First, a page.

I just can’t help but drag this cookbook out sometime between October and November, and I make a treat or three out of it every year all the way through the holidays. Then I put it away until the next autumn comes around. Naturally Halloween makes me think of pumpkins, and being a Harry Potter fan makes me think of pumpkin pasties and pumpkin juice, but I think it’s more than that. I know it was around Thanksgiving that the movies were released, and they played through the holiday season. I’m sure that’s part of it, our family has a tradition of running off to the movie theater with family after the Thanksgiving feast is over. I know that’s how I saw more than a couple of these movies. I also can’t seem to get it out of my head around Christmas time, I even hear the theme song in my head whenever I think of gingerbread and candy canes. Maybe it’s all the snow at Hogwarts, or maybe it’s those amazing holiday feasts they had.
There’s also a strong feeling of tradition at the end of the year, of timeless foods and family quirks that have gone on so long that there’s only a very vague notion of where and when they started, or who they came from. My family has English roots, and it just seems to me that plum puddings, mincemeat pies, eggnog, and fruitcake should be a part of that. Unfortunately, now that Grandpa has passed, I’m the only member of the family who likes any of those at all. So, if I want them, I have to make them myself.
That’s why one October a few of years back I picked up a copy of The Unofficial Harry Potter Cookbook: From Cauldron Cakes to Knickerbocker Glory–More Than 150 Magical Recipes for Muggles and Wizards by Dinah Bucholz. There’s another unofficial cookbook out there, but this one is longer and has more recipes. I got it for the pumpkin pasties and butterbeer, but I also saw that it has more of the recipes I craved. Fruitcake, cranberry sauce, Christmas pudding, eggnog, all that goodness.
There is, naturally, more than holiday food in here seeing as how the books cover a year of Harry’s life. Traditional English foods for every meal of the day are included, things that were lost in American cuisine but remain in our ancestral culture. Naturally, there is a detailed explanation for how to serve a “proper” cup of tea, as we Americans with our teabags in our mugs are barbaric. Before I got this book I wasn’t even sure what Yorkshire pudding was, or a trifle, or crumpets. Now I have recipes for that, as well as kippers, toad in the hole, pease pudding, cock-a-leekie, treacle tart, spotted dick, and other foods that I’ve only run across in classic literature or fairy tails and nursery rhymes.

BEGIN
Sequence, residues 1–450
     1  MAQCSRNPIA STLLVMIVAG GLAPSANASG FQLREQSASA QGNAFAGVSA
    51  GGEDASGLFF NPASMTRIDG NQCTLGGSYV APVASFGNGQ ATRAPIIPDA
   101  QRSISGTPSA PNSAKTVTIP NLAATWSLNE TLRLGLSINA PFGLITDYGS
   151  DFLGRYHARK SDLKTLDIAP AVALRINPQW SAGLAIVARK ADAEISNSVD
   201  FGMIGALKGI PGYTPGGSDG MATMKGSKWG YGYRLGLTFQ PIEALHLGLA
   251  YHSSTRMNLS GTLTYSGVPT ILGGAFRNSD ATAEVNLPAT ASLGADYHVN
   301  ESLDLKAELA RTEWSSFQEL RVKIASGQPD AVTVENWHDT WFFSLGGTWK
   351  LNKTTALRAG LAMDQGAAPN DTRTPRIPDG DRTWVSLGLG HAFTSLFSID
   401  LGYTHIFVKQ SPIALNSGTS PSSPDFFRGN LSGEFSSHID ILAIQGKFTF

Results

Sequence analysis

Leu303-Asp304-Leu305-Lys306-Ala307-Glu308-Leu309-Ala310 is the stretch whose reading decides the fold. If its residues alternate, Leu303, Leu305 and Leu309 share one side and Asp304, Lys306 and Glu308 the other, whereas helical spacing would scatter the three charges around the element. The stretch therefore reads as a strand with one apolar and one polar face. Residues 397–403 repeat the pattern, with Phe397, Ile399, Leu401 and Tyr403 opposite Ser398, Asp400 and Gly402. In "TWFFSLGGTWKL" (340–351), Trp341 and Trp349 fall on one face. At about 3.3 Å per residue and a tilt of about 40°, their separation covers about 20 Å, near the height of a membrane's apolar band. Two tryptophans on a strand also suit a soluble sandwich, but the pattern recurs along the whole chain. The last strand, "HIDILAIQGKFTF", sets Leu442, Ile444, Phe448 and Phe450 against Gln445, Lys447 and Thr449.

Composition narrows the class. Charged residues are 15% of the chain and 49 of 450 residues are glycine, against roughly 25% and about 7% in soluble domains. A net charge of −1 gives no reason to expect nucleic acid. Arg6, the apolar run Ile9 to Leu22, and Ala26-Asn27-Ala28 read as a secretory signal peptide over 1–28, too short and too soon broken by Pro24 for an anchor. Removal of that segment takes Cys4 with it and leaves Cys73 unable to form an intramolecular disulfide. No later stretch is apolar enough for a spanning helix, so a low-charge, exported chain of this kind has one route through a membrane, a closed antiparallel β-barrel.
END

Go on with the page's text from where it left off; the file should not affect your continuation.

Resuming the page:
Also, there’s plenty of Harry Potter references that make eating the food lots of fun (and for food history buffs there are tales of where the English treats originated). I think it would be amusing to invite people over and serve them rock cakes, but that’s probably my odd sense of humor. More fun would be to pick recipes that are mentioned as being from the same movie, then set out a buffet of those foods alongside some pumpkin juice and butterbeer, then have a Harry Potter party with like-minded people. Currently my parties just consist of me and my budding Potter fan. One of the best joys in parenting is introducing your children to the things you enjoyed when you were young, it’s like seeing everything again for the first time.
One final thing about this book, it’s a great “gateway” cookbook to introduce younger cooks to the kitchen. When I got it, I had barely begun to think about such things as making my own pudding without using an instant mix. The details of cooking a whole chicken were vague and mysterious, and I was kind of lost without a microwave.
Yet, here in this book there is roast pork loin (and Bourbon-glazed pork loin with peaches – yum), roast chicken and beef, poached salmon in honey and dill sauce, savory meat pies, french onion soup, breaded pork chops, and beef stew. Several potato recipes are given (including french fries), glazed carrots, gravy, and other sides. It’s a great source for various custards, pies, cakes, cookies, and an entire chapter on candies (including acid drops and sugar mice). There’s even a recipe for puff pastries and one for marmalade. It has ice cream recipes for those lucky enough to own an ice cream maker.
Some recipes are advanced, and some are quite suited to the young or inexperienced chef. A Harry Potter fan who has never really stepped into the kitchen will even find directions for preparing and seasoning frozen peas, bacon, or scrambled eggs. If you know a young fan who is starting to show interest in preparing their own food (or will have to when they move out), this cookbook will help make the experience far more entertaining.